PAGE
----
I am straddling them, trying to wedge them apart. Good God: a New York-New Orleans Democrat Jew fighting it out with a Birmingham Italian Confederate Republican.
A discovery: A shrink accomplishes more these days by his fecklessness than by his lordliness in the great days of Freud.
Time was when I’d have tested their neurones with my lapsometer. But there’s more to it than neurones. There’s such a thing as the psyche, I discovered. I became a psyche-iatrist, as I’ve said, a doctor of the soul, an old-style Freudian analyst, plus a dose of Adler and Jung. I discovered that it is not sex that terrifies people. It is that they are stuck with themselves. It is not knowing who they are or what to do with themselves. They are frightened out of their wits that they are not doing what, according to experts, books, films, TV, they are supposed to be doing. They, the experts, know, don’t they?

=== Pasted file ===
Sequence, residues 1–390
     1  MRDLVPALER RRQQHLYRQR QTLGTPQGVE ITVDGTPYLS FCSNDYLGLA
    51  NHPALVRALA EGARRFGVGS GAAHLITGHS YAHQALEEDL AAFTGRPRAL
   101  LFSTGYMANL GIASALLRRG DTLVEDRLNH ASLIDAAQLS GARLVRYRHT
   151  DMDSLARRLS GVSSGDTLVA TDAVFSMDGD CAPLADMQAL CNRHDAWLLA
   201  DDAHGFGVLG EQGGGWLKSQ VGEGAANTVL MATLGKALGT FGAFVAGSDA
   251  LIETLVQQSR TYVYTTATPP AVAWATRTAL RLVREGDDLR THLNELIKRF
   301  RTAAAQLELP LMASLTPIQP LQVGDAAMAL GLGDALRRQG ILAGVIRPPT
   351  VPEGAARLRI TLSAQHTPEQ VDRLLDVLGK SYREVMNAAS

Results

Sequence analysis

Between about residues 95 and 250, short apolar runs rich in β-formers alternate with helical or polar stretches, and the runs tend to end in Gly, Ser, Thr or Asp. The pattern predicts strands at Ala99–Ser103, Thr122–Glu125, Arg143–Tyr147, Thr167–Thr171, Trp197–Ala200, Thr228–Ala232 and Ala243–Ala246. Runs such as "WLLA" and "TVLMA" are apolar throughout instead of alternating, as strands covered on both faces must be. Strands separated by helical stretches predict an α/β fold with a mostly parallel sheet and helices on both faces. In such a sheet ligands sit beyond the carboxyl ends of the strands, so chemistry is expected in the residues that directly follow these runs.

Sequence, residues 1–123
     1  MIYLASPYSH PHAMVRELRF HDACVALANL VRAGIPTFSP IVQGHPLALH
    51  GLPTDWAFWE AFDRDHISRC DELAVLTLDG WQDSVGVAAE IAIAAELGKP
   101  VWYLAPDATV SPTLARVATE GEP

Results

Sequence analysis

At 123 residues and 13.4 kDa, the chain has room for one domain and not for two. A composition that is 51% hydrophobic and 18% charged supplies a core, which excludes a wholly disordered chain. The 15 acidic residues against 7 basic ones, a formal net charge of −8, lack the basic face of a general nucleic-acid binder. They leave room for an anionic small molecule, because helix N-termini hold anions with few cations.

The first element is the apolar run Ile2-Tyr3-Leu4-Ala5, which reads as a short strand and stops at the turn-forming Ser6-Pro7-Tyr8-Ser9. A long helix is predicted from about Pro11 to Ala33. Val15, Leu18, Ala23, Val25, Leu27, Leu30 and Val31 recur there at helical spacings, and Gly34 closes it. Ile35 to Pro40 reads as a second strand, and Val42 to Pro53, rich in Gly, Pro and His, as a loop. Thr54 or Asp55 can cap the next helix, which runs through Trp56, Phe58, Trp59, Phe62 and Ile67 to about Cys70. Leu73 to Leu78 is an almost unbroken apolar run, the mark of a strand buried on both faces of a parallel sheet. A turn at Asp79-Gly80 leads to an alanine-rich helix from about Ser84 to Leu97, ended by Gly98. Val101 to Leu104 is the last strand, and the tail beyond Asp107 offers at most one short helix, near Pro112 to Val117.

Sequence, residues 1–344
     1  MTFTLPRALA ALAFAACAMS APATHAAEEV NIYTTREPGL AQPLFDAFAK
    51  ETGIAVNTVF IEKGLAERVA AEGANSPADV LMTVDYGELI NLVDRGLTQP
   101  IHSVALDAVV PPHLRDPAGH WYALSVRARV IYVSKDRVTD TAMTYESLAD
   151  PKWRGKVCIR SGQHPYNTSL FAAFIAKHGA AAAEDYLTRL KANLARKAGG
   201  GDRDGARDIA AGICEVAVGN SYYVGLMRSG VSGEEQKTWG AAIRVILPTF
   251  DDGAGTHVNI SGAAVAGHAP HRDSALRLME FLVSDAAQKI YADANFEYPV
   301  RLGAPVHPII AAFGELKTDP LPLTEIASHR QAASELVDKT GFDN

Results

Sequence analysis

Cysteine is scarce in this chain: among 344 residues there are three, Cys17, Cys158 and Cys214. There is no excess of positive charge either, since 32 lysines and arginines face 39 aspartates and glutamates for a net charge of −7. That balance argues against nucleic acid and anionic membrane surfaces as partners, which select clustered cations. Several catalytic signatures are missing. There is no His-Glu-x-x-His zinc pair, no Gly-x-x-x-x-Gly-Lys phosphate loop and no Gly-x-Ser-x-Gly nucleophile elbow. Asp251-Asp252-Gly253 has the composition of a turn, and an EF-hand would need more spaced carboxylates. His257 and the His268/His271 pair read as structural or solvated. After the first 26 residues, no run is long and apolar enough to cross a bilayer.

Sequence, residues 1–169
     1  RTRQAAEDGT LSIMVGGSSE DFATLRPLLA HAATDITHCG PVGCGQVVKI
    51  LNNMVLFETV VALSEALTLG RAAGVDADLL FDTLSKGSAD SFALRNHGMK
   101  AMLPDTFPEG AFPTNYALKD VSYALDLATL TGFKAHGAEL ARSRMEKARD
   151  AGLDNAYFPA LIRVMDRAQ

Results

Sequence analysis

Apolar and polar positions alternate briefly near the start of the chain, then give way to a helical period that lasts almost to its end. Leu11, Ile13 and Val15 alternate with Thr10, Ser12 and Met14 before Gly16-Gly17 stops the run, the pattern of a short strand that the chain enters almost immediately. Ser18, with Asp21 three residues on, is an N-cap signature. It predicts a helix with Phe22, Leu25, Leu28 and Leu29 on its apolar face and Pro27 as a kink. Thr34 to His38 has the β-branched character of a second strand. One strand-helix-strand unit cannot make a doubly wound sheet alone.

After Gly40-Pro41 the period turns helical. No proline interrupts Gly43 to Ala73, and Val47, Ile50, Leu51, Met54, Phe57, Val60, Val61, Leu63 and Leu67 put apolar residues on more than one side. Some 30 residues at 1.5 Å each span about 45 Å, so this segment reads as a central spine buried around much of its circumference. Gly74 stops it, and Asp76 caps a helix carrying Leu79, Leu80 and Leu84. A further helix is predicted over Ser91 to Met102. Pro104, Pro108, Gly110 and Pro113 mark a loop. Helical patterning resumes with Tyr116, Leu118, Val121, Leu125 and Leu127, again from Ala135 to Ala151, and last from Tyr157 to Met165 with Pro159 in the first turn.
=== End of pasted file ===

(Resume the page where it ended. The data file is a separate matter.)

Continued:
Then I became somewhat simpleminded. I developed a private classification of people, a not exactly scientific taxonomy which I find useful in working with people. It fits or fitted nearly all the people I knew, patients, neurotic people, so-called normal people.
According to my private classification, people are either bluebirds or jaybirds. Most women, it turns out, are bluebirds. Most men, by no means all, are jaybirds.
It is not for me to say whether one should try to be happy—though it always struck me as an odd pursuit, like trying to be blue-eyed—or whether one should try to beat all the other jaybirds on the block. But it is my observation that neither pursuit succeeds very well. I only know that people who set their hearts on either usually end up seeing me or somebody like me, or having heart attacks, or climbing into a bottle.
B. F. Skinner, the jaybird of psychologists, put it this way: The object of life is to gratify yourself without getting arrested. Not exactly the noblest sentiment expressed in two thousand years of Western civilization, but it has a certain elementary validity. True jaybird wisdom.